Evaluating the realistic performance of antennas integrated into complex setups has been a long-term challenge, currently relevant to automotive connectivity, for example. Numerical electromagnetic (EM) modeling offers a cost-effective alternative to device testing but is often limited by an incomplete or inaccurate knowledge of the device under test (DUT). While this shortcoming does not apply to test approaches, the implementation of adequate measurement systems, such as full-vehicle over-the-air (OTA) test setups, requires large investments and, possibly, a significant amount of space. We present a way to converge both worlds in an optimal cost-benefit technique by combining antenna measurements with full-wave simulation.
Three-dimensional EM modeling tools have seen extraordinary technical and commercial development since the early 90s. Now, there is almost no problem involving Maxwell’s equations which cannot be solved with the right software and computational resources. Nevertheless, the need for RF measurements continues to grow, and simulations are not foreseen as a substitute for testing soon. The main reason is that full-wave simulation, even performed by an expert, is only as good as the knowledge of the problem modeled. In most circumstances, this knowledge is incomplete, even for the device manufacturer. Taking the example of a mobile phone, some components come from suppliers, material dielectric properties are not fully characterized, manufacturing tolerances and operating uncertainties of the components are not completely accounted for, etc.
Measurements do not suffer from a similar lack of knowledge, as no simplifying assumptions are required about the DUT. However, the complexities of experimental setups, including realistic integration or usage conditions, must be considered. For example, for autonomous driving cars using cellular vehicle-to-everything (C-V2X) technology for data communication, the connectivity in cars is developing to unprecedented levels. Evaluating the accurate performance of all transceivers (i.e., cellular, WLAN, GNSS, etc.) necessitates including the impact of the complete car on all radiated emissions. To address these aspects, the 5GAA organization is currently standardizing the use of full-vehicle OTA testing systems using 10 m or larger anechoic chambers (see Figure 1).1 The corresponding costs are as substantial as the space requirements, and the realizable test scenarios are still limited. A close to real-world test solution would require unreasonable effort, time and cost for measuring the OTA performance of an integrated 5G mmWave antenna module, and no test chamber can assess the effects of various grounds on the measured metrics or an actual link budget in a car-to-car transmission.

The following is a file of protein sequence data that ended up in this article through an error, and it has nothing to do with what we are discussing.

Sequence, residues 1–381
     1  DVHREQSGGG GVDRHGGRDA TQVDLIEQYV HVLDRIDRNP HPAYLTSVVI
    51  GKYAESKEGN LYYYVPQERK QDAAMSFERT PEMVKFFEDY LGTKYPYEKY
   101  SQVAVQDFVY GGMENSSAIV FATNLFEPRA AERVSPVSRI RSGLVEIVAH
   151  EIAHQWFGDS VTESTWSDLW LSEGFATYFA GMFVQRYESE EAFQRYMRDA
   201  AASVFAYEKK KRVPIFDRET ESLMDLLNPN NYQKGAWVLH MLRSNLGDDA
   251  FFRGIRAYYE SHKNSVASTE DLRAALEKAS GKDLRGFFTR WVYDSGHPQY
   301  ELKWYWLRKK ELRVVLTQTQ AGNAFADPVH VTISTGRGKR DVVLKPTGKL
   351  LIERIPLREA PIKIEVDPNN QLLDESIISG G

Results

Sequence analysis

To overcome the limitations in both antenna simulation and measurement, the best of both numerical and experimental methods can be combined: measure the part of the problem which cannot be accurately modeled and compute the portion which is too costly or complex to measure.
MEASUREMENT + SIMULATION
Combining measurement and simulation is a straightforward outcome of the fundamentals of wave physics. From the Huygens-Fresnel principle or the equivalence theorem, the six components of the electric (E) and magnetic (H) field vectors outside of a volume, Vs, encompassing a radiating source within a surface, Σs, can be exactly computed from only two of the EM field components over Σs or the associated surface electric and magnetic currents J and M (see Figure 2). Conversely, proven techniques can solve the inverse problem: calculating the currents J and M from two characterized components of E and/or H over a closed surface, Σm, containing Σs.2-5
Imagine that Σm is a sphere surrounding an antenna. A test probe scans Σm and delivers two voltages at each sampling point, which relate to the local, orthogonal, spherical coordinate phasor components Eθ and Eφ. Knowing the magnitude and phase of these voltages over the sphere is then sufficient to derive a model of the source, equivalent to the antenna under test, in the sense that the model generates the same E and H fields outside of Σs. This principle is not limited to a spherical surface; a sphere matches the results where the measurements are obtained using a spherical test range.